Big data versus Big Brother. Do we want Barcelona to be the smart city to lead all smart cities? Or should the Catalan capital simply save time and money by utilizing open source code to copy other pioneering cities?
The 2014 Smart City Expo at Fira Barcelona definitely talked about success being found in a mix of the two. The Mobile World Capital saw 232 businesses and a whopping 400 cities come together to share ideas on how to collaborate and modernize more efficient cities for less money.
With 70 percent of the world living in cities by 2050, there’s money to be made, with the smart city market predicted to grow $174 billion by 2023.
But it’s not all about money. Certainly for us Barcelona residents, we want to know how smart city innovation can and will affect our day to day, which is just what BarcInno endeavors to address now…
First, what IS a smart city?
Fair question. It’s a rather obtuse buzzword which brings together a mix of technology, municipal governments, and the private sector, supposedly with the citizen at the center of it all. It usually involves smartphones, but is certainly delving into wearables and other every day items, like the Nest thermometer. Most often a smart city is talked about in reference to safety, security, sanitation and/or energy, but with public-private partnerships, these blur into simply ways technology can improve the lives of citizens and the business of businesses.
So far our smart city isn’t very centralized…
Across Barcelona, different aspects of the public and private sectors are getting optimized online.
At El Prat Airport, all elements not associated with the airplane itself—from elevators to control to shopping—are integrated into a platform built by Schneider Electric. Think about how first they scan your ticket before you go through security, then if you buy any non-food items they need to scan, and then they scan you to board. Someone knows where you are at all times, and if you aren’t boarding, they call you on the loudspeaker, so you don’t miss your flight. If you still don’t appear, guardia civil is notified to investigate what happened to you.
But it’s not just about a case by case basis, but the valuable big data that comes with. Airport shops scan your boarding pass to gather information on where their regular clients are going and with whom. If clientele is mostly budget airlines, they may order and place snacks more prominently, while they may lead with Gucci for more glamorous clients.
The airport records this shopping data for market research too. Maybe El Prat is finally getting a Victoria’s Secret because American girls are the most active pre-boarding shoppers.
But eventually a smart city should enable collaboration.
Many bus stops in Barcelona are solar-powered, but our sunny city provides much more energy than an electronic timetable needs. Wouldn’t it be great if that surplus juice went to power more WiFi hotspots?
And many of the traffic lights have cameras already with dual safety and security functionality to catch red-light runners in the act, while monitoring street activity. Wouldn’t it be great if the data gathered by these cameras also was shared with city planners who could base construction and rerouting needs on traffic patterns? Or lengthen red lights so pedestrians have longer to cross in shopping districts during rebajas? If ONCE could witness and weigh in on how to optimize the crosswalk notifications for the blind?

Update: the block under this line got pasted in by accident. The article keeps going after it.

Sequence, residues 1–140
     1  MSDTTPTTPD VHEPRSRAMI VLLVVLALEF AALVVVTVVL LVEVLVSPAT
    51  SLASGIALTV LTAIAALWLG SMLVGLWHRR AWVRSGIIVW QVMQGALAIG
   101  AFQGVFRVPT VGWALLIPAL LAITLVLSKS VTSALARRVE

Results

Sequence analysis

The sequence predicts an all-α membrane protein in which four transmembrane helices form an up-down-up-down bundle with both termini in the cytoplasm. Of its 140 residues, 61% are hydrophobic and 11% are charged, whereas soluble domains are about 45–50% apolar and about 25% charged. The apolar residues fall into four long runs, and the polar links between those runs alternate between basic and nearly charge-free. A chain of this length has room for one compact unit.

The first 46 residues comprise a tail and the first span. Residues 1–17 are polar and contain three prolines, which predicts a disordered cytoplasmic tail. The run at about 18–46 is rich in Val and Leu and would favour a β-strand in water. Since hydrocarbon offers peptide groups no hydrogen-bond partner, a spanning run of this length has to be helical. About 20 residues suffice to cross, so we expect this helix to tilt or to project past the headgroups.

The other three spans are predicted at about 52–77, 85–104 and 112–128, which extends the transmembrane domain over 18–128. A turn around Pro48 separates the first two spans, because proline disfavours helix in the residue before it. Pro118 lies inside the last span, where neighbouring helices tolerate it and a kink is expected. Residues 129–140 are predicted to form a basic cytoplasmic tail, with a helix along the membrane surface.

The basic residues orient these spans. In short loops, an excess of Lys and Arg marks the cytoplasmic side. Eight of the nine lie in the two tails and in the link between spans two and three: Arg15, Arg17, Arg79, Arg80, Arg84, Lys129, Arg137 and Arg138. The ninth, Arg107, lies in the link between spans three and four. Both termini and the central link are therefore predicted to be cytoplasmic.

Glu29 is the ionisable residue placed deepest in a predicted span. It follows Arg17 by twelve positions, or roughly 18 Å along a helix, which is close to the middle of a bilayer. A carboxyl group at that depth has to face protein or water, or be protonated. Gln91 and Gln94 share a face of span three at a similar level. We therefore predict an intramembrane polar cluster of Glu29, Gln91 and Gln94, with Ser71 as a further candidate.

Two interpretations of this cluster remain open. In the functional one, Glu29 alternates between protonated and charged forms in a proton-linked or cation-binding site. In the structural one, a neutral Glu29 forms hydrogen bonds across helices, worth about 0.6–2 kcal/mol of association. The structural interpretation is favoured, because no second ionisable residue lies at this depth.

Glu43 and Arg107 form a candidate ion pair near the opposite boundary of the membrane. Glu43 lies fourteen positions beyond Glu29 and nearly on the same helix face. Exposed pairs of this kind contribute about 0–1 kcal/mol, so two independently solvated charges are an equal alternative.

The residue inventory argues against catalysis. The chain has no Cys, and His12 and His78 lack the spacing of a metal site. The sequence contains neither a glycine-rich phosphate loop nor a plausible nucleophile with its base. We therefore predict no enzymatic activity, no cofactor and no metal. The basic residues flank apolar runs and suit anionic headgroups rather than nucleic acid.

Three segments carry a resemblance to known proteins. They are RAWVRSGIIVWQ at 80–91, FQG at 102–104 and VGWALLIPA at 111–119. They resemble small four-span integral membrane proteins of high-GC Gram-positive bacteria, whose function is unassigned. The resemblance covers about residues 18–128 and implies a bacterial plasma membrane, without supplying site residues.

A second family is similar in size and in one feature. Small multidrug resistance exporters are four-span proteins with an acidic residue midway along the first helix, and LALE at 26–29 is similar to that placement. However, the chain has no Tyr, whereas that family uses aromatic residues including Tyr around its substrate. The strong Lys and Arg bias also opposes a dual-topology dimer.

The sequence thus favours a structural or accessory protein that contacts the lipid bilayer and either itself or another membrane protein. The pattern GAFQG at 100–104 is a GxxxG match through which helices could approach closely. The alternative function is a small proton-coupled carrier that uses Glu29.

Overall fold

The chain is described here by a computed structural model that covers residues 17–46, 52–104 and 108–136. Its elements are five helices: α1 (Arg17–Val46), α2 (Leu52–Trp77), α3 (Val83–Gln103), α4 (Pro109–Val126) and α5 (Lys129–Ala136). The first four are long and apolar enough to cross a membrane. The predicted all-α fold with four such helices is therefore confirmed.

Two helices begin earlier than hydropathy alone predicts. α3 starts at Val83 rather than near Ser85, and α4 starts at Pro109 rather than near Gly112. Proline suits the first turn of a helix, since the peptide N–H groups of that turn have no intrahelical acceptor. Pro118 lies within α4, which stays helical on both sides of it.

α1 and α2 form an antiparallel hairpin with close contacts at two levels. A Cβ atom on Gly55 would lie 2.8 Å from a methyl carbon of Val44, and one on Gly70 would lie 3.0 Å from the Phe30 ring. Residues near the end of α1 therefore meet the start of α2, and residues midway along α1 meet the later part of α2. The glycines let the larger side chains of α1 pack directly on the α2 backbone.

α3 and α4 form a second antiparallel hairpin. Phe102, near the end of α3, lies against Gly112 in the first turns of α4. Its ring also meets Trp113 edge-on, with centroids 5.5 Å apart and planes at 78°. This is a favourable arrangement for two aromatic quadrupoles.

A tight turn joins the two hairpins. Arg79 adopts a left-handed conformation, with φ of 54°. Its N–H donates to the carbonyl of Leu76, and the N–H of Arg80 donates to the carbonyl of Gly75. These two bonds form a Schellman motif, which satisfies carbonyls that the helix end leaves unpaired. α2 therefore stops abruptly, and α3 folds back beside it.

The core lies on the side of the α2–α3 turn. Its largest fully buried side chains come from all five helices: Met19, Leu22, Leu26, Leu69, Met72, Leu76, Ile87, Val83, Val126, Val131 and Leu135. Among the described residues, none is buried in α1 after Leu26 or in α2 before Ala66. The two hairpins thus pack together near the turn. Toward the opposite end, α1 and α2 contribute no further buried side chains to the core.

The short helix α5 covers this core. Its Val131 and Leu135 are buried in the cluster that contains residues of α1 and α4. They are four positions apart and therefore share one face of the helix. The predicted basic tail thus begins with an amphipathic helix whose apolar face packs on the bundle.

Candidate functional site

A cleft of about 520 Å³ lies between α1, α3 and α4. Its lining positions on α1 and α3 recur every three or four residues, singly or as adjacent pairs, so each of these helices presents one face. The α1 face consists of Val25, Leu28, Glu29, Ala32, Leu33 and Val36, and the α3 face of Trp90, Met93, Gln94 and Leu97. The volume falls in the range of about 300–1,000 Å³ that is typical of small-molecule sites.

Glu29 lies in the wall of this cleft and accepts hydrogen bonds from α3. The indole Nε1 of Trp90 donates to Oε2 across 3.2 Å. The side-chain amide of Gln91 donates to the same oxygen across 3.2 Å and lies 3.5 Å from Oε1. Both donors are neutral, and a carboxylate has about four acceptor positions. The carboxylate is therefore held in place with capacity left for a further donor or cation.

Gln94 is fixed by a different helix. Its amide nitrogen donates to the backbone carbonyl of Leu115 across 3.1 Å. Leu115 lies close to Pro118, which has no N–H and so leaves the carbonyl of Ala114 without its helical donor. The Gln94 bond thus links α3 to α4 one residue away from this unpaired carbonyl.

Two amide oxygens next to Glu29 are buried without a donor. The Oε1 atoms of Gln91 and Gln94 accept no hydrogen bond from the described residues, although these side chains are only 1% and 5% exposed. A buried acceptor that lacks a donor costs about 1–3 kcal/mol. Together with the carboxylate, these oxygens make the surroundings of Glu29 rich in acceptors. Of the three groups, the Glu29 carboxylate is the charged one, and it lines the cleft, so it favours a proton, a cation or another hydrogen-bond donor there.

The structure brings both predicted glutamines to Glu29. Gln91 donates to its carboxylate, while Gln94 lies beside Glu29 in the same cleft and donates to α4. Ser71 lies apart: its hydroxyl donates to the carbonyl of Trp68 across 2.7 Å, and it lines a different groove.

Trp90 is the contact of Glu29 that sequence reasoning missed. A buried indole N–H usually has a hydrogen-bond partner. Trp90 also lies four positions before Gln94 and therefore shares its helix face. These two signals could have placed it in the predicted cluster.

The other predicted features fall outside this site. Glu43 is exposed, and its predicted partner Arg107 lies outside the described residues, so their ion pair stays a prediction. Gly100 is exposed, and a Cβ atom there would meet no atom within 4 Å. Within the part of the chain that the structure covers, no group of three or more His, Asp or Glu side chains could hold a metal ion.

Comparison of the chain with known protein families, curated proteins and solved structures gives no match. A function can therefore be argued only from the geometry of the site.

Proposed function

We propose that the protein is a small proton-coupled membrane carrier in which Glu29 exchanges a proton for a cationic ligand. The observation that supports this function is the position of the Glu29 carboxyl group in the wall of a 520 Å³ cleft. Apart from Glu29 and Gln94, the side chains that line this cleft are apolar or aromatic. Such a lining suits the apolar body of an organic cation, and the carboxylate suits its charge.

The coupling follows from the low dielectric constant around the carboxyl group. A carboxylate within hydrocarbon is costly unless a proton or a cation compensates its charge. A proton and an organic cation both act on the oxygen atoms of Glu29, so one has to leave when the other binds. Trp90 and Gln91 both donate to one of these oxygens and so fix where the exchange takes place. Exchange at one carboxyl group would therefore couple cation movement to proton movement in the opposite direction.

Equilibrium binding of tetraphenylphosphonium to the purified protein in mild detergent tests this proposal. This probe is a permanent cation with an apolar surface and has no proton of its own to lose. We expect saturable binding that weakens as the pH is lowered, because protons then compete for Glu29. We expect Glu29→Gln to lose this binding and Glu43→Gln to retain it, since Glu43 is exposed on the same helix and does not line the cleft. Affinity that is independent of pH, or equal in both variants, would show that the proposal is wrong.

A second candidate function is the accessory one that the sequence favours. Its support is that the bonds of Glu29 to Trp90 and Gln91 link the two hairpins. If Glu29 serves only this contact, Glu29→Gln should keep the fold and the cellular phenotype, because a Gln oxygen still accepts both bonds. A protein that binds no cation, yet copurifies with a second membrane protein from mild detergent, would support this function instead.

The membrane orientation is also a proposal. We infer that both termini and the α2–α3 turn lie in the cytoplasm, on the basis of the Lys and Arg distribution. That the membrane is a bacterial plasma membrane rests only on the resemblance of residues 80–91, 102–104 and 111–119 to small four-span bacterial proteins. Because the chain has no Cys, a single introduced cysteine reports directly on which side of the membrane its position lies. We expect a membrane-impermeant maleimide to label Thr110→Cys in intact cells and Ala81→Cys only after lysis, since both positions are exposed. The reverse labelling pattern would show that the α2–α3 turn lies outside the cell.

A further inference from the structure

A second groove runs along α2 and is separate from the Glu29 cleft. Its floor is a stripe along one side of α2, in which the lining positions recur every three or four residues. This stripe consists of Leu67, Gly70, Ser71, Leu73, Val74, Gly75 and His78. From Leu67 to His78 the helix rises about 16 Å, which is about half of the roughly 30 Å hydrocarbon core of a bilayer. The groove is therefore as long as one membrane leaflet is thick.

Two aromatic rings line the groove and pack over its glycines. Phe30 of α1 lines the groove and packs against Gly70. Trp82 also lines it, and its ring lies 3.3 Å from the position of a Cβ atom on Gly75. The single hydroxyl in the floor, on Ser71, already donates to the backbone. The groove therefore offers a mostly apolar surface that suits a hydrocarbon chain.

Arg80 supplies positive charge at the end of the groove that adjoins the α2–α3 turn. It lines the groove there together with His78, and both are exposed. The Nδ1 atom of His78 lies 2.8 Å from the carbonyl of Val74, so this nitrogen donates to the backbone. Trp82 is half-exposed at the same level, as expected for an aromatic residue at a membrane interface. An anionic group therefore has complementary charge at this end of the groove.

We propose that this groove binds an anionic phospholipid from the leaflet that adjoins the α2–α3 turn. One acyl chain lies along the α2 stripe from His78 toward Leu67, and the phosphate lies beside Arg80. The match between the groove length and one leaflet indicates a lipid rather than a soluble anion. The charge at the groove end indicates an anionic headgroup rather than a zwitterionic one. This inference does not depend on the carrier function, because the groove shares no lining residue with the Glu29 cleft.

An important recurring theme of this year’s Smart City Expo wasn’t just the bells and whistles but about different cities publishing on sites like GitHub in order to collaborate and share code, allowing different cities to duplicate success and allowing citizens and private business to build use cases on top of public data.
Barcelona seems to be on the cusp of opening up its data so it can be used and reused to better serve the population. To follow (mostly in Catalan) how that process is going, go for hashtag #SmartCityDiba.
Bicing could be the perfect Internet of Things
A smart city can also be a hybrid of tech solutions with old school or current infrastructure. A perfect example of this is Bicing, Barcelona’s bicycle rental system. Unlike hilly Madrid which is going for electric bikes, Barna’s flat service makes man-powered bikes a reasonable and less expensive tool, even with neat, pedal-powered lights.
The Internet of Things or IoT comes with the app and the bike rack sensors it talks to. When you first rent a bike, you have a couple minutes to check it out, making sure it’s in perfect condition. If not, you can exchange it for a new bike and report that flat tire via the app. Residents use the Bicing app to find the safest route—which should reflect construction and traffic—to the vacant bike rack nearest to their destinations.
But, if you’ve ever tried to bike on down to Barceloneta on a Saturday, you may be frustrated by row after row of full bike racks, while the time is ticking to return your commuter-centric Bicing before the 30-minute limit is up. When city workers and rack sensors are in perfect harmony, the bike flatbeds truck down to collect bikes for redistribution from whence they came in Eixample.
So, how smart IS Barcelona?
Again, great question. Well, since the essence of a smart city is democratic and responsive, our city can only be as smart as its people. Of course, the fact that Spain has more smartphones per capita than any other European country certainly helps it along.
But let’s ask you—IS Barcelona the smartest of it all? Where is this smart city muy lista and where does it just needs to find a clue? Or are we better off the grid? Tell us below!